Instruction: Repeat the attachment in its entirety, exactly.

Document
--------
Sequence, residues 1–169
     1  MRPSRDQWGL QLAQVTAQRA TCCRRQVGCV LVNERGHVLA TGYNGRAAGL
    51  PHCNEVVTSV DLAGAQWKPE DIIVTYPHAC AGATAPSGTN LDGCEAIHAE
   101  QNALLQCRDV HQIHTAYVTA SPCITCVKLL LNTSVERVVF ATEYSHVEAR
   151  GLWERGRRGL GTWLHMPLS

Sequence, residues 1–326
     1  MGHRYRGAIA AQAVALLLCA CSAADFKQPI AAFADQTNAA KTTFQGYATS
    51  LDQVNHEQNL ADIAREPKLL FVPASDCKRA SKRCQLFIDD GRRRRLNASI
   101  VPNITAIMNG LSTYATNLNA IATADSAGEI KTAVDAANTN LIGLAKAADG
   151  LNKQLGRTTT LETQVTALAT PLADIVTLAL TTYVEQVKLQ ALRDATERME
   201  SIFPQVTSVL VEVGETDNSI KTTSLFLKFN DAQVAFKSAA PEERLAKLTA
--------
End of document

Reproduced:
Sequence, residues 1–169
     1  MRPSRDQWGL QLAQVTAQRA TCCRRQVGCV LVNERGHVLA TGYNGRAAGL
    51  PHCNEVVTSV DLAGAQWKPE DIIVTYPHAC AGATAPSGTN LDGCEAIHAE
   101  QNALLQCRDV HQIHTAYVTA SPCITCVKLL LNTSVERVVF ATEYSHVEAR
   151  GLWERGRRGL GTWLHMPLS

Sequence, residues 1–326
     1  MGHRYRGAIA AQAVALLLCA CSAADFKQPI AAFADQTNAA KTTFQGYATS
    51  LDQVNHEQNL ADIAREPKLL FVPASDCKRA SKRCQLFIDD GRRRRLNASI
   101  VPNITAIMNG LSTYATNLNA IATADSAGEI KTAVDAANTN LIGLAKAADG
   151  LNKQLGRTTT LETQVTALAT PLADIVTLAL TTYVEQVKLQ ALRDATERME
   201  SIFPQVTSVL VEVGETDNSI KTTSLFLKFN DAQVAFKSAA PEERLAKLTA